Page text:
Here you can book tickets, guided tours and other activities in Reykjavik:Tickets and guided tours on Viator*
Guided Free Walking Tours
Here you can book guided Free Walking Tours in Reykjavik:Guided Free Walking Tours on GuruWalk*
Here you can find interesting sights in Reykjavik, Iceland. Click on a marker on the map to view details about the sight. Underneath is an overview of the sights with images. A total of 15 sights are available in Reykjavik, Iceland.List of cities in Iceland Sightseeing Tours in Reykjavik
1. FógetagarðurinnBook Ticket*
The Sheriff's Park is a park on Main Street in central Reykjavík, south of the Central Market and east of Hotel Uppsala. The Sheriff's Park is one of the oldest parks in Reykjavík. It is the oldest planted tree in Reykjavík, a silver tree planted in 1884. The park is on the corner of Main and Church Street behind the National Telephone House. Today, the park is mostly paved, but original trees still stand. The park stands where there used to be Víkur cemetery, Reykjavík's oldest cemetery.
2. HarpaBook Free Tour*
Harpa is a concert hall and conference centre in Reykjavík, Iceland. The opening concert was held on May 4, 2011. The building features a distinctive colored glass facade inspired by the basalt landscape of Iceland.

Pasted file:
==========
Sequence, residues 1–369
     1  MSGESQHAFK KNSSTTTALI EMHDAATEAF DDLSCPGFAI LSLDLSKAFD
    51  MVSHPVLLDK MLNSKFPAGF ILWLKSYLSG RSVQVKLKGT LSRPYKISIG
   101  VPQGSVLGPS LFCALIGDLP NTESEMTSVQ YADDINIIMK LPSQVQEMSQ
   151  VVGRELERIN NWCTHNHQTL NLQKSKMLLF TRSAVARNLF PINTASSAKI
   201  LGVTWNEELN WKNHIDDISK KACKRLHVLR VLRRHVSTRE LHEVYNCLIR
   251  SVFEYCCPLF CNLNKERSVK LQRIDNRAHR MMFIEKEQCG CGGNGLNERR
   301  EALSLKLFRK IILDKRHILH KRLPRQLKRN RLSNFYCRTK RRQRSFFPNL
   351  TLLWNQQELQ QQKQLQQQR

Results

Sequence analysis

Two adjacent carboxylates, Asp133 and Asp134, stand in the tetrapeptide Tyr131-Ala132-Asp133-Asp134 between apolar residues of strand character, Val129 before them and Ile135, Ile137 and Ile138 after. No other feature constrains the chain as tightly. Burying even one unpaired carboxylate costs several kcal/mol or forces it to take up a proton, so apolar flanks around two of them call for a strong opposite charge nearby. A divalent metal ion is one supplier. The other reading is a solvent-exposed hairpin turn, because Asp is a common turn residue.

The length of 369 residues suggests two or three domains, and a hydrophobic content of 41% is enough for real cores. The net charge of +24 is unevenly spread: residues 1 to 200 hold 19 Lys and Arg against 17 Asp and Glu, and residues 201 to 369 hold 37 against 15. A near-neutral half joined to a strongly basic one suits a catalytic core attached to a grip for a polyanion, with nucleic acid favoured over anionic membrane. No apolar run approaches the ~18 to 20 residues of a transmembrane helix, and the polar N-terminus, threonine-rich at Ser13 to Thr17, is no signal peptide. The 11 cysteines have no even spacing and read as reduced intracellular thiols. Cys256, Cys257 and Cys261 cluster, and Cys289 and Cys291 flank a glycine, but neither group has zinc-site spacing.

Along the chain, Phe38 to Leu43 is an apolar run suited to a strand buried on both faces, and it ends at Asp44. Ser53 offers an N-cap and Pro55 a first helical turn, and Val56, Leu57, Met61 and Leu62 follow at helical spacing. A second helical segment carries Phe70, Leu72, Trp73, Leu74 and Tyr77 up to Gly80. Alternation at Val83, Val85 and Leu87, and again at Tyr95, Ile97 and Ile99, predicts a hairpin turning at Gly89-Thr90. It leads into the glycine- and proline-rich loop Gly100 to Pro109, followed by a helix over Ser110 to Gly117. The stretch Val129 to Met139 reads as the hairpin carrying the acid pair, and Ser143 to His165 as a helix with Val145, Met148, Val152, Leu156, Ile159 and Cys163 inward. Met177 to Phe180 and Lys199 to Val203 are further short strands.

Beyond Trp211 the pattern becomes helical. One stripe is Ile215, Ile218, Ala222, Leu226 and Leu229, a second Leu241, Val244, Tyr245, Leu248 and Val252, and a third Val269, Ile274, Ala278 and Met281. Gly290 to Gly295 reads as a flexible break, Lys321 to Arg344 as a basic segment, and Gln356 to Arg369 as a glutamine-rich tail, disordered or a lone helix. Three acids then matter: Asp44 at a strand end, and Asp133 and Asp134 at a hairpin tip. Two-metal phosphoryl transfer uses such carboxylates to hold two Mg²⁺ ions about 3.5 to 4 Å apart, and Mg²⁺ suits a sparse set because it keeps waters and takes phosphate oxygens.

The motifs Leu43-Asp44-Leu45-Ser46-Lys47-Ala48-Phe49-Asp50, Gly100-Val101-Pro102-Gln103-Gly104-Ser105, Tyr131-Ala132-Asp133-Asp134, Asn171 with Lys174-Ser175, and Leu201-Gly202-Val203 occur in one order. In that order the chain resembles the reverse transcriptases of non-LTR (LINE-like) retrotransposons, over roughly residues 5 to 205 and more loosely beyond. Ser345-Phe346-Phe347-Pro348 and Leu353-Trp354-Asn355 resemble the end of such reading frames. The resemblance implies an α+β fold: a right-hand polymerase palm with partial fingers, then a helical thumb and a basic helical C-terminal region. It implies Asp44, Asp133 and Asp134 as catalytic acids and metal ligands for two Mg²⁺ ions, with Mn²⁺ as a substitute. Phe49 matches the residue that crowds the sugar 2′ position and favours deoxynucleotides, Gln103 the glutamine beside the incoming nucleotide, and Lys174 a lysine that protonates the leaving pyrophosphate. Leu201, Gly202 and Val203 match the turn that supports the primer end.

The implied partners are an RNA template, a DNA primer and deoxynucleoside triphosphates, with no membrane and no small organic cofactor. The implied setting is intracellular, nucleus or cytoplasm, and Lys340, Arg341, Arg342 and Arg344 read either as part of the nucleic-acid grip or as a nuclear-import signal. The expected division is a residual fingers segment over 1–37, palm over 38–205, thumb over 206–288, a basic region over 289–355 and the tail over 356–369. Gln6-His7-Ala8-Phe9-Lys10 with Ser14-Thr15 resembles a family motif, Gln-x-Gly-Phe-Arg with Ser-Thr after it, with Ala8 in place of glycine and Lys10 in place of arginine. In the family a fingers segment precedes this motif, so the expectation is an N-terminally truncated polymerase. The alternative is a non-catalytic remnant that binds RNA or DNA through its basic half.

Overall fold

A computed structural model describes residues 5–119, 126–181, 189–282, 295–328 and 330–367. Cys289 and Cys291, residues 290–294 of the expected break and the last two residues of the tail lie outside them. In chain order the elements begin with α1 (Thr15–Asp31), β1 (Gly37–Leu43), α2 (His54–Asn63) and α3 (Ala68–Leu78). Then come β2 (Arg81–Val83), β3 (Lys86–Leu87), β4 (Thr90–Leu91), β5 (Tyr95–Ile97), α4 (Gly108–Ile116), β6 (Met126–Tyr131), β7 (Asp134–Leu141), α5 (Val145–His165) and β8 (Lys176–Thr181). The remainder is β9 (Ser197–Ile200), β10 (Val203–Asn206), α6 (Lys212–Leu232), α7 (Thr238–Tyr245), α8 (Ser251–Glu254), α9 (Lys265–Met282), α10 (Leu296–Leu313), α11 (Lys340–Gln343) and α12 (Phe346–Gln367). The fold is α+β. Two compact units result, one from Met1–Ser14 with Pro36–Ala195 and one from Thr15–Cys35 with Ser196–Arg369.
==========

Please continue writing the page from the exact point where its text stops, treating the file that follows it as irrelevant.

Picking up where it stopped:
The Reykjavik Maritime Museum, formerly Víkin Maritime Museum, is a maritime museum located by the old harbour in the capital of Iceland, Reykjavík and run by Reykjavik City. The museum was established in 2005, and it is now one of five sites belonging to Reykjavik City Museum. There are seven exhibitions at the museum displaying Icelandic maritime history from the early settlements to the late 20th century. An important part of the museum is the Coast Guard and rescue vessel Óðinn. In 2008, the ship was transformed into a museum exhibit about the cod wars in the 1950s and 1970s. The ship also tells about its own history. The museum focuses on the history of fishing in Iceland but also displays temporary exhibitions related to the sea.